Different qualifications from a borrower
Rates differ by area, by lender, and by borrower. Usually, a bank or lender has a base interest rate that can either increase or decrease based on a borrower’s creditworthiness. Most often, banks look at a handful of particulars before starting the loan pricing adjustment. These items might include:
- Total loan amount
- Documentation (full, limited, or stated)
- Credit score
- Loan purpose (purchase or refinance)
- Debt-to-income ratio
- Property type (primary residence or investment property)
- Loan-to-value / combined loan-to-value
The more favorable you look to a lender the less your interest rate will be. If you have poor marks like a less than ideal credit score, high loan amount, or low loan-to-value, it will reflect in a higher interest rate.
Researching refinance rates in your area
When comparing each of your options, always consider using a mortgage calculator. You can easily determine how your current mortgage compares to the refinance rates on the market. You can also compare lenders side by side to see how different rates of interest can impact you in the long run.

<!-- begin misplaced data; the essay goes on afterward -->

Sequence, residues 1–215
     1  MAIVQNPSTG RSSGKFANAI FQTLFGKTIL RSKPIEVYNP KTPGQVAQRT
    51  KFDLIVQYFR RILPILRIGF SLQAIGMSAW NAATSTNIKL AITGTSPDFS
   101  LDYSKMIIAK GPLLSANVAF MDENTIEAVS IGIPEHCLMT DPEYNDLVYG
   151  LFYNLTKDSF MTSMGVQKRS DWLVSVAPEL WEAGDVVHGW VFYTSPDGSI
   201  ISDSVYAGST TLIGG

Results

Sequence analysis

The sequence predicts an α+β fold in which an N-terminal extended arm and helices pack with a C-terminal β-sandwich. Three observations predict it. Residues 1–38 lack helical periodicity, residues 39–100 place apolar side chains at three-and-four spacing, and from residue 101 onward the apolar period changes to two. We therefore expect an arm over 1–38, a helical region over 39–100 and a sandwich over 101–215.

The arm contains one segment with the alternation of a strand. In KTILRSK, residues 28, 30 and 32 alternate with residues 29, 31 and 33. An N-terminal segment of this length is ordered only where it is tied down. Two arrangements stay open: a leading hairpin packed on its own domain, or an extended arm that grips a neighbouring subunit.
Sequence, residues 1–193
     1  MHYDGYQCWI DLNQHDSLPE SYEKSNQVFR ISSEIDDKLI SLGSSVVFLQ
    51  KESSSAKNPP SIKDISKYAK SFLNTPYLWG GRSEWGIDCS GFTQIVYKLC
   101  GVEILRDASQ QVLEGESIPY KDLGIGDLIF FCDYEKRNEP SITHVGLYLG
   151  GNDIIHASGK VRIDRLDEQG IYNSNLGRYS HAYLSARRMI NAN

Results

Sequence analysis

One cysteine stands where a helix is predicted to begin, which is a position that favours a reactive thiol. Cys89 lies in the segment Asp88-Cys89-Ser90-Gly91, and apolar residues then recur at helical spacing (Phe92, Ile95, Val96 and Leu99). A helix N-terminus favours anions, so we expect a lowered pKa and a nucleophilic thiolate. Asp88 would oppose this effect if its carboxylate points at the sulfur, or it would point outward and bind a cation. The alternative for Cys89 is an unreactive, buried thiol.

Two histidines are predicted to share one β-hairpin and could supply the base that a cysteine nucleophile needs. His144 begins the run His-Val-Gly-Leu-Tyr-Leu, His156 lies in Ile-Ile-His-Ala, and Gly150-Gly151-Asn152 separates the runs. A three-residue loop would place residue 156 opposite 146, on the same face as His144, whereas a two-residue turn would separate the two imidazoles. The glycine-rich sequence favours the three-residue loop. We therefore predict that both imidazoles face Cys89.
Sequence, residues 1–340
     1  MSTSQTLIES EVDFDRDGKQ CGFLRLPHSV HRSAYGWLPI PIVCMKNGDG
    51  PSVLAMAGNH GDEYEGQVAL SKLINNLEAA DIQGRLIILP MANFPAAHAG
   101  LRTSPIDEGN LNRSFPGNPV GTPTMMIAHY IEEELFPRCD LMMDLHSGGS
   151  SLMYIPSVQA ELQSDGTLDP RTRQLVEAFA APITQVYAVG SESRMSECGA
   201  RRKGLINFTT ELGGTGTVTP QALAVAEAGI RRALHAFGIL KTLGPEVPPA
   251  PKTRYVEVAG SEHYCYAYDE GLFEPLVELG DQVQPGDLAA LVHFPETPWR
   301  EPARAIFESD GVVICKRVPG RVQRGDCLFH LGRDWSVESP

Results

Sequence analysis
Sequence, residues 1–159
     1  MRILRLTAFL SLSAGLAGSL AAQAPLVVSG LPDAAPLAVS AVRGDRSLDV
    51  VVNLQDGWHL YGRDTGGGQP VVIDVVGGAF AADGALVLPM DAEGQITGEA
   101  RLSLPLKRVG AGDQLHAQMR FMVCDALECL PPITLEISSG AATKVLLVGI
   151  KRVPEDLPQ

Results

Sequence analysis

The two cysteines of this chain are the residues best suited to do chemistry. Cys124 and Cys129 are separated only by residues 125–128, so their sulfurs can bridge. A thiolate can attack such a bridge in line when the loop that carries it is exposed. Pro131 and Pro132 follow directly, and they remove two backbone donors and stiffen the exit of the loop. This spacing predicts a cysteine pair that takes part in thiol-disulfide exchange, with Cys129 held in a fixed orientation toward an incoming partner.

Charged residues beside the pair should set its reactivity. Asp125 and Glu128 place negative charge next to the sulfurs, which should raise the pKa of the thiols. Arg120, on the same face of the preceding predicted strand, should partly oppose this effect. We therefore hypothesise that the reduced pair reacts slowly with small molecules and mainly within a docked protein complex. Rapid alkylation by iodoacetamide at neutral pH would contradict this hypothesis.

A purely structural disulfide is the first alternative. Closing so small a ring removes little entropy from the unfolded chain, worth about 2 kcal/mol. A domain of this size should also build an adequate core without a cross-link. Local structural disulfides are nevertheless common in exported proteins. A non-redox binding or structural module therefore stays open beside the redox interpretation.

Have you ever noticed that mortgage rates tend to move in eighths? While this might not seem like a huge change, .125% (eighth percent) or .25% (quarter percent) it could actually mean thousands of dollars in savings or costs annually. So, weighing each lender in your area, and comparing these minor differences can add up to a major impact over the course of your loan.
Lastly, every lender and area will hold a borrower accountable for different closing costs. This is another figure to take into consideration when determining the best refinance product for you. A lower interest doesn’t always mean the lowest refinance product.
Our tools help you get a better sense of your local lending environment and prepare you to get the best refinance rates possible.Here is a glimpse into each state, their current refinance rates, and different lenders within each state you can work with.
- New Hampshire
- New Jersey
- New York
- North Carolina
- South Carolina